- Common Name(s):
- American beautyberry
- C. america var. lectea, C. americana var. lactea
- Native Plants, Shrubs
American Beautyberry or French Mulberry
This drought tollerant native deciduous shrub in the Lamiaceae family may reach heights of 8 feet but typicaly grows to 4 feet. It is found in zones 5 to 8 and grows best in full sun, but will tolerate some shade, though there will be a reduction in flower and fruit production in the shade. It tolerates wet planting sites but prefers well-drained soil. It has a loose or open, arching habit, which, along with the 3 ½ to 6-inch long leaves, gives this plant a course texture. It is best used in a natural area or mass planted. The leaves of the Beautyberry are opposite in arrangement and the color is a light green. In the fall the leaves turn a lovely shade of yellowy green. This plant is seldom damaged by deer.
The flowers of the American Beautyberry appear on new growth where the leaves meet the stem giving them the appearance of surrounding the branch. The light lavender-pink flowers appear June through August to add a little summer color to the landscape.
The real beauty of this plant is the unusual ¼ inch purple fruit that surrounds the stem in the fall. The fruit ripens for an extended period of time so as the birds eat some of the fruit there is still more ripening to keep the color. Cut back severely in late fall to produce the most berries next year. Flowers and berries appear on new shoots.
There are other species of beautyberry in the landscape trade. The most common is the Callicarpa dichotoma or Purple Beautyberry with a more compact, dense habit and smaller fruits and leaves. This plant is an introduction from China or Japan and also grows in zones 5 to 8. Avoid excessive fertilizer.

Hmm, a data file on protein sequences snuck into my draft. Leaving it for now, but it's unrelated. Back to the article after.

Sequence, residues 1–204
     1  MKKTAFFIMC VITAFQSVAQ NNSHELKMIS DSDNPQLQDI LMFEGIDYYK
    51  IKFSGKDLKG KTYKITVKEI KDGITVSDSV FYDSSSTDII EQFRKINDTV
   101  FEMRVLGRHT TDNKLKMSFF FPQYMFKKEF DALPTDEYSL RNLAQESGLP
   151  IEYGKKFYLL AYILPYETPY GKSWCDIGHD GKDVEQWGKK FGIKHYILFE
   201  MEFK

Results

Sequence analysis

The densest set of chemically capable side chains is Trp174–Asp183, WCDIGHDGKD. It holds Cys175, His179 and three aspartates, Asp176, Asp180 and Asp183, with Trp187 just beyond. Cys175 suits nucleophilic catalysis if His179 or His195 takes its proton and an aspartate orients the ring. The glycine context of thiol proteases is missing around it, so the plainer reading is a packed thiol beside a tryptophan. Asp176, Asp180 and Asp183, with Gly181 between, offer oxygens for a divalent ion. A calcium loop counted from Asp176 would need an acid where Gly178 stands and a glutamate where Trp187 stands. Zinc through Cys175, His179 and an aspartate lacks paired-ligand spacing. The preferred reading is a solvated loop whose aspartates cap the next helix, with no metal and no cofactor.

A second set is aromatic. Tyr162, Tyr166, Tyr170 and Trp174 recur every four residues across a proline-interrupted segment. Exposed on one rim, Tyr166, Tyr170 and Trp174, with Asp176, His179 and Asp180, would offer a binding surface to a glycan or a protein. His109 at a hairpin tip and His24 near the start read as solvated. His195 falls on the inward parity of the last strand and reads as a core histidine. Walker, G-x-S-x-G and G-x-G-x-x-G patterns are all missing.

Regions: Piedmont, Coastal plains
Seasons of Interest:
Bloom: Summer June-August Fruit: Fall-Winter, berry
Wildlife Value: This plant is moderately resistant to damage from deer. Its fruits are eaten by catbirds and other songbirds, small mammals, white-tailed deer and black bear. It is a very important fall food for migrant songbirds.
Insects, Diseases, and Other Plant Problems: This plant is low maintenance and does not suffer from insect or disease problems.
Compare this plant to: Callicarpa dichotoma
- 3-6 ft.
- The leaves of the beautyberry are opposite, simple, medium green. They have 3-6 in. long, loose, open stems. The leaves turn a yellow-green fall color.
- Callicarpa americana, commonly called beautyberry, is a loose open shrub valued for its spectacular fruits. The relatively insignificant flowers develop into prolific bright violet to magenta berry-like drupes which encircle the stem. These fruits remain attractive for a long time although they are generally gone before severe winter weather.
- This native plant prefers the soil of its natural forest floor habitat - a moist clay or sand enriched with organic matter. It will fruit most abundantly in full sun but may be grown in light shade. The plant needs minimal care once its roots are established. This shrub may be pruned back to about 2' less than the desired size. It can be propagated by cuttings or from seed.
- Semi-formal, oval to rounded; upswept, arching branches
- Sun to partial shade; dry to moist soil
- Clusters of glossy pink-purple to red-violet berries in fall
- 3-6 ft.
NCCES plant id: 448